Explained with boba.
In previous chapters, we'd talked about self-reference — a function that refers to itself. We will now take this idea one step further with recursion: a function that calls itself.
Before we dive into what recursion looks like in code, we'll try to attempt a logical puzzle together. Imagine you are standing in a very long line at a boba shop. You have class soon, and would really like to know how many people are in front of you. But the line is too long to count from where you are standing, and to get out of line would mean to lose your spot!
You are allowed to interact with your surroundings as you'd like, talk to anyone, or ask them (within reason) to do anything you'd like. You are not allowed to move. How do you figure out how many people are in front of you?
The crucial observation here is that this problem is too big to solve by yourself: you simply do not have enough information to do so. But, what if — and stay with me, here — what if the person in front of you somehow knew how many people were in front of her? Then, you could ask that person for that number, add 1 to it, and that would be how many people would be in line in front of you!
So, you go ahead and you tap the shoulder of the person in front of you and you ask them: "How many people are in front of you?" Now, how would this person figure out how many people are in front of them? The problem is too big for them to solve by themselves, still. So they do the same thing as you did, again. They tap the shoulder of the person in front of them.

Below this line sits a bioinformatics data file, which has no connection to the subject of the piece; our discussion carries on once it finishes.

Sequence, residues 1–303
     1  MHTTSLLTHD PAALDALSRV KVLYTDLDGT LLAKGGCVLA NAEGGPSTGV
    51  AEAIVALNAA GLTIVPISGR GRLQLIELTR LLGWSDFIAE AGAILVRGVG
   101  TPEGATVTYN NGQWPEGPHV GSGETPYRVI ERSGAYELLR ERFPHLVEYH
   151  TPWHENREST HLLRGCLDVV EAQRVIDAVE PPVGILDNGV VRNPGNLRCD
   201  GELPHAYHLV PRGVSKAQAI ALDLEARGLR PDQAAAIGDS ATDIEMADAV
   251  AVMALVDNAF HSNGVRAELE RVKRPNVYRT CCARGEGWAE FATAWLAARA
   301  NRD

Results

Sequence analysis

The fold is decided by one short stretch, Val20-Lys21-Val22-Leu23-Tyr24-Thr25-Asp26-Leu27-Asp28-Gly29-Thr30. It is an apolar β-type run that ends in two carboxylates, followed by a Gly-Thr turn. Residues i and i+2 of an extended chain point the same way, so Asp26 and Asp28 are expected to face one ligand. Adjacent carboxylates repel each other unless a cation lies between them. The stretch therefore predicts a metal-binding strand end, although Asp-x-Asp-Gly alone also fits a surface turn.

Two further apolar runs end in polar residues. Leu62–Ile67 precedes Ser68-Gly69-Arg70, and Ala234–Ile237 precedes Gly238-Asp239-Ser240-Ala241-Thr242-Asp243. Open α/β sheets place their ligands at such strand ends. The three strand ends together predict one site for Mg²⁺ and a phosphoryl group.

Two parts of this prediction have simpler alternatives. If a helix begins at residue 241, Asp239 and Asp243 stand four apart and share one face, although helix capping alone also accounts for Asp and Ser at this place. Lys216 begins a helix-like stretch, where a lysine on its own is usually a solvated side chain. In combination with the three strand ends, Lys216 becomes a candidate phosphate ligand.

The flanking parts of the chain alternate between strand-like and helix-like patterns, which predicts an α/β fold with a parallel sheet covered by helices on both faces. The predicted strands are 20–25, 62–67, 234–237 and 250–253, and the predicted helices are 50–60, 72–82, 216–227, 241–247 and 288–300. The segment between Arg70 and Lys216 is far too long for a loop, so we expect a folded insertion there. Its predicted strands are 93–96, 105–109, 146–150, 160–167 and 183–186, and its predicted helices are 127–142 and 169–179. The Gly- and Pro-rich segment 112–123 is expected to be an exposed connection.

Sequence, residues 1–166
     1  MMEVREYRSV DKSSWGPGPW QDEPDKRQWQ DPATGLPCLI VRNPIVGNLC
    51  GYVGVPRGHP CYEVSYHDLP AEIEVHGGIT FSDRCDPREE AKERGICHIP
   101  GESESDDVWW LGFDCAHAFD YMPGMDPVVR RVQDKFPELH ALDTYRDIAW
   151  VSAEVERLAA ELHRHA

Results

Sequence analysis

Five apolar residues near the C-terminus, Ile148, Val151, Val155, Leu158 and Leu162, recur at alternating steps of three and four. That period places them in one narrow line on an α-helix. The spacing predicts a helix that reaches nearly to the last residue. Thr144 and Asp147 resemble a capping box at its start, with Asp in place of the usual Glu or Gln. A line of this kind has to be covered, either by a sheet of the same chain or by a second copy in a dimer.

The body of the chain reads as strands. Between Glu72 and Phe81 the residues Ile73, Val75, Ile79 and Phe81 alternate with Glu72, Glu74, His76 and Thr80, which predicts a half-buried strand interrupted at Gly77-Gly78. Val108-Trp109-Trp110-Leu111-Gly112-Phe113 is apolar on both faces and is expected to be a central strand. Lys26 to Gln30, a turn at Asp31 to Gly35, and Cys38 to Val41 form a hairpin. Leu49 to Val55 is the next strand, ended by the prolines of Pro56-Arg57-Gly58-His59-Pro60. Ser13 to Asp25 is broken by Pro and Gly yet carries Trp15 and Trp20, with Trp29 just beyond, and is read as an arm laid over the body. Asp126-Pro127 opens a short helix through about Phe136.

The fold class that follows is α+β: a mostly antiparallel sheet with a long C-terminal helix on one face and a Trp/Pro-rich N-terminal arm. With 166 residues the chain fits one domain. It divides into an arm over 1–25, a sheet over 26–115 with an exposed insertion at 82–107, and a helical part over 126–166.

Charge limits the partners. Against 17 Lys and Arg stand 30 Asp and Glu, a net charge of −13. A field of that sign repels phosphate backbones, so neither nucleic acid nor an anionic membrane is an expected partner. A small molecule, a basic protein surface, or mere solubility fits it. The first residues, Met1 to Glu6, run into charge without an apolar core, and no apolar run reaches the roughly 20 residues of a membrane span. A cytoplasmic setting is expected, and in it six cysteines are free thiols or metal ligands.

And so on, and so forth do people ask the person in front of them, again and again. This process continues until we reach the person at the very front of the line. This person does not need to ask anyone, because for this person the problem is not too big to solve, finally. They say directly, that there are zero people in the line in front of them.
And then the process continues backwards! The person second in line, adds 1 and tells the person behind them that there is 1 person in front of them. Then, two. Then, three. And the information updates and travels all the way back to you, and you finally have an answer to your question. Without ever moving out of place. The power of recursion.
The big idea behind the concept of recursion is as follows: when a problem is too big to be solved, we can figure out a way to solve a smaller problem of a similar structure. We keep making the problem smaller until we reach some state where the problem is small enough to be solved directly. Then, we build back on top of this information over and over again until our original problem is solved.
If you're confused, good! You should be. Recursion is a confusing concept, and a particularly challenging one to grasp. To develop a better understanding, let's leave the realm of metaphors and head to analyzing recursive programs in the next section.